Hue and Cry
Hue and Cry
The second album "Remote" spawned chart hits "Looking for Linda", "Violently" and "Ordinary Angel" giving Circa another gold disc for their collection.
Having got used to seeing Hue & Cry as a nine-piece band including brass section and backing vocalists, the third album "Bitter Sweet" took us right down to basics, with Greg on piano and Pat singing. Recorded live on Glasgow’s Renfrew Ferry, it was essential Hue & Cry - crafted songs and an exceptional voice.
The fourth album "Stars Crashed Down" saw Greg in the producer’s chair for the first time. Arguably the best so far, it gave Hue & Cry the confidence to go it alone on their own label, Fidelity, which quickly spawned the fifth album, simply titled "Truth and Love".
1993 was a year for stepping out, with new deals in Japan, Europe and SE Asia. At the same time as "Labour of Love" was back in the UK charts as a Joey Negro dance floor remix, Hue & Cry were selling "Truth & Love" and two new singles worldwide for the first time. In the meantime Pat & Greg had charted new territories - Greg writing theme tunes and musical scores for TV as well as producing other bands (he was commissioned recently to write an instrumental album for producer Harvey J Goldberg). Pat had taken a different direction: following a two year stint as Rector of Glasgow University and the publication of his first book, Pat developed a burgeoning media career.
Since 1994, Hue & Cry have begun to develop their long-term interest in jazz alongside their commitment to classic song-writing. Their albums for the London-based Permanent Records were two giant steps along that road. "Showtime!" (1994) was a collaboration between the Kane Brothers and master jazz arranger Richard Niles (Ray Charles, James Brown, Pat Metheny), supported by the capital’s finest jazz talent - Nigel Hitchcock (sax), Gerard Presencer (trumpet), Laurence Cottle (bass), and Laurence Juber (guitar). "Piano & Voice" (1995) was exactly that - inspired by the Tony Bennett/Bill Evans collaborations of the mid-seventies, and a sequel to their "Bitter Suite" of 1990.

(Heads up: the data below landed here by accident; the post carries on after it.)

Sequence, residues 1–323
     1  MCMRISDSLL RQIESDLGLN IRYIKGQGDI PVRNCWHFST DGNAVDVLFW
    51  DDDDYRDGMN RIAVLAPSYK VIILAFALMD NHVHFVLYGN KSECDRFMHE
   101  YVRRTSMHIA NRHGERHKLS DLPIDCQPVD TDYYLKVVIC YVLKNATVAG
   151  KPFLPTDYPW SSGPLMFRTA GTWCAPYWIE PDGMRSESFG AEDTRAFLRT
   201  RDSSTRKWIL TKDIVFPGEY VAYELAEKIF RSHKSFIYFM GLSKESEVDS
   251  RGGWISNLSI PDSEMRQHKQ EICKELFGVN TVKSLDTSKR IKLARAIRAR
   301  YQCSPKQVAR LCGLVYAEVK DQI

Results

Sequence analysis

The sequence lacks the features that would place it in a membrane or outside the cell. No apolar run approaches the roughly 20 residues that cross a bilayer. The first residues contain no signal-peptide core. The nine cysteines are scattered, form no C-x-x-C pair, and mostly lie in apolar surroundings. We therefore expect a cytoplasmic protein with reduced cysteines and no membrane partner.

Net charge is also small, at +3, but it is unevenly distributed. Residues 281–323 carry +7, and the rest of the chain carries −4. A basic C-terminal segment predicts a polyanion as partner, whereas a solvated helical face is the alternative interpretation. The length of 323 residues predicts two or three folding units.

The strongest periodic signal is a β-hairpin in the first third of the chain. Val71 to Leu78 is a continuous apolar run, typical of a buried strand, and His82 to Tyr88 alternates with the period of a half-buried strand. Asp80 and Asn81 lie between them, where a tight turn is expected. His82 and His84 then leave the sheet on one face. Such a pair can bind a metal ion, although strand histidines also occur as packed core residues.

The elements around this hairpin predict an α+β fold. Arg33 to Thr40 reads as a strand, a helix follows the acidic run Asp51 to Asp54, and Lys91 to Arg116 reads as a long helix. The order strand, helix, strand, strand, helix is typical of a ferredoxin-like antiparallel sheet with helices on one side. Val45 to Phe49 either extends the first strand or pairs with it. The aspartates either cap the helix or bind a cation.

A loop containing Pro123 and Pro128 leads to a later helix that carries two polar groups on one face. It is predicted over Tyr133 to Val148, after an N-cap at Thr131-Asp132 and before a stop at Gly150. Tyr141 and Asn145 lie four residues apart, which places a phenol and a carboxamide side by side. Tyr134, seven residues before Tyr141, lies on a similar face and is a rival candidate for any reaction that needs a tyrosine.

In 1996 Hue & Cry took another stride along the jazz-pop route. Signed to Linn Records, the brothers Kane released their new CD - provocatively entitled "jazznotjazz" (Linn AKD 057). Recorded in a week during Glasgow’s International Jazz Festival, the brothers enlisted the services of some of the jazz giants visiting the festival. This included Michael Brecker (tenor sax) and Randy Brecker (trumpet) - who had played on Hue & Cry's "Remote" album - as well as guitarist Mike Stern (sidesman with Miles Davis), and drummer Danny Gottlieb (Pat Metheny).
Hue & Cry released their tenth, and most innovative, studio album on Linn Records in 1999. "Next Move" (Linn AKD 102) combines the latest digital production techniques, together with the hottest of British jazz talent - including Scottish sax colossus Tommy Smith - to make the most remarkable record of the Kane brothers' 12-year career.
"Next Move" takes the spirit of "jazznotjazz" - a dialogue between the jazz tradition and non-jazz forms - into new areas. Using the latest 'Digital Domain' production methods, and the talents of players like drummer Ian Thomas (Eric Clapton, Sting), bassist Lawrence Cottle (Dennis Chambers), keyboard player Brian Kellock and saxman Tommy Smith (John Scofield, Ray Brown), Pat and Greg were able to explore every one of their favourite musical extremes.
From hard bebop (their screaming cover of Prince's Sign O' The Times) to unstoppable drum'n'bass (Speed O' Lite). From torch ballads (their version of Harry Connick Jnr. Sonny Cried) to smooth r'n'b (I Didn't Know). From Nuyorican latin-funk (24/7) to simple piano-vocal (Pawn of the Weekend).
But it's all still anchored to the powerful songwriting of the Kane brothers - Greg's soulful music and classic arrangements, Pat's signature vocals and lyrics.
If you're still "Looking for Linda" - well, she left the building long ago... But if you want to hear two consummate musicians exploring their talents to the utmost, then "Next Move" is a good place to start.